KABUKI, LA VOIE DU GESTE

Don Kent, Christian Dumais-Lvowski

- 2001
Directed for TV by Don KENT
Length : 01:00:00 | Support :

Tags:

docummentaire

Casting

Position Name Role
Auteur / Author Christian DUMAIS-LVOWSKI
Direction artistique Patrick DEVOS
Intervenant/Guest Bando TAMASABURO
Réalisateur / Directed for TV Don KENT

Co Producers and Broadcasters (TV, cinema, Video)

ONLINE PRODUCTIONS, NHK

 

A Brief History of Kabuki Theater

“No Theater, I love to ponder, Kabuki Theater, I love to watch”
Yamaguchi Masao
We know almost nothing about the Priestess Okuni, who in 1603, the beginning of the Edo era, originated the new dramatic art form that would come to be known as Kabuki. According to legend, Okuni danced for the prayer ceremonies in one of the largest sanctuaries in Japan, Izumo, and with the formation of her own dance group, sowed the seeds of Kabuki. We have often elaborated on the meaning of this word, ka-bu-ki, attributing to it the erroneous meaning “song-dance-theater.” Actually, at its origin, Kabuki meant in style, or “hip.” This new form of theater was born following a period of 200 years of war, amongst a people thirsty for culture, entertainment, and anything new and enriching. The diverse influences of a cosmopolitan port in the Osaka region, which joined Japan and the Western world (The Netherlands, Portugal), were to nourish the emergence of Kabuki. And, as is often the case with those who invent new concepts, Kabuki instigators and participants were marginal in their society. The Kabuki world implied a certain allure or attitude, similar to rock and roll or flamenco.
In the beginning, Kabuki was reserved exclusively for women, and it is believed that Okuni’s group was made up of around fifteen women who played the roles of both sexes, and whose magnificent costumes influenced the daily fashion wear of the women of their day. The performances took place on the banks of the Kamo River in Kyoto, not in formal theaters, but on platforms reminiscent of those used on fairgrounds. The dancers also performed at parties and, as attest the logs left behind by ship captains who spent their days and nights in attendance, they enjoyed a huge success. These first Kabuki performances indeed resembled music hall revues.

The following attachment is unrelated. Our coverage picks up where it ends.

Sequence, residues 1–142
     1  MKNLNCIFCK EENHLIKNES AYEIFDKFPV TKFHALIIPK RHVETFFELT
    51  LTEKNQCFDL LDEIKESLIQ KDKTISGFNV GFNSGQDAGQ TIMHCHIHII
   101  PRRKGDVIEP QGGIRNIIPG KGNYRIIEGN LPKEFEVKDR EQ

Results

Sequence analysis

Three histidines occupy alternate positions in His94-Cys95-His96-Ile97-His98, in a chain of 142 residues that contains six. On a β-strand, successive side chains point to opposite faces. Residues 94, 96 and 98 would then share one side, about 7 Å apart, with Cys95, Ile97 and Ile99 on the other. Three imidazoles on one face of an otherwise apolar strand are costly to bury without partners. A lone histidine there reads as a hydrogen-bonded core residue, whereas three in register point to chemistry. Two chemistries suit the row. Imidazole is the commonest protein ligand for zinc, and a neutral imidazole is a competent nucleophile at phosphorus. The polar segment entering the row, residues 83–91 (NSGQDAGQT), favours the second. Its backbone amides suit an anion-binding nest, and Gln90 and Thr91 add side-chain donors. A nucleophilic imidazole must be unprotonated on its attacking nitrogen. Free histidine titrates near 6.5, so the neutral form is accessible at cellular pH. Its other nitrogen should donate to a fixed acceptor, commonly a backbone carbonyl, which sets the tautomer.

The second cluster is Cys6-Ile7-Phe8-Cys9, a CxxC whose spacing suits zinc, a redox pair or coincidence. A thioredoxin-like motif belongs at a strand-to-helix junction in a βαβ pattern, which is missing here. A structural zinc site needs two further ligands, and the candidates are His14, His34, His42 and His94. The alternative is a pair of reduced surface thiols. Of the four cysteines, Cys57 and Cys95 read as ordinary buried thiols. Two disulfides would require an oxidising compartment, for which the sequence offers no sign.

Soon there were other Kabuki dance groups, and prostitution became an integral element in the dancers’ lives. In 1626, declaring the dancers a threat to public order and family values, the government forbid these women to perform. Kabuki adapted to this new law, and began to be performed by young men in what is called “pretty boy Kabuki.” The prostitution started up once again, and in 1653 another new law forbid adolescents to perform Kabuki. It was this second restriction that led to the birth of “Adult male Kabuki.” The government also imposed an obligation to incorporate theatrical conventions into the dancing. Thus, deprived of the courtesans and transvestites that assured its initial success, Kabuki gradually developed a stylized form that allowed it to evolve into a true dramatic art form. In many ways, this is the form that has endured to this day.
Originally, Kabuki served as a form of protest against the government. As the feudal system did not authorize or encourage direct criticism, the satire and irony expressed through Kabuki allowed for an indirect criticism of the State. Through changing the names and dates, and altering the facts presented, the Kabuki performers rose up against the established order. Kabuki was born of the people, and the people knew how to read between the lines. Unlike No Theater, which was an art reserved for the nobility, protected by the samurais, which underwent no transformation and conserved its traditions as though in a museum, Kabuki evolved throughout the eras. This evolution was not accomplished through breaks with the past, but rather through assimilation and selection.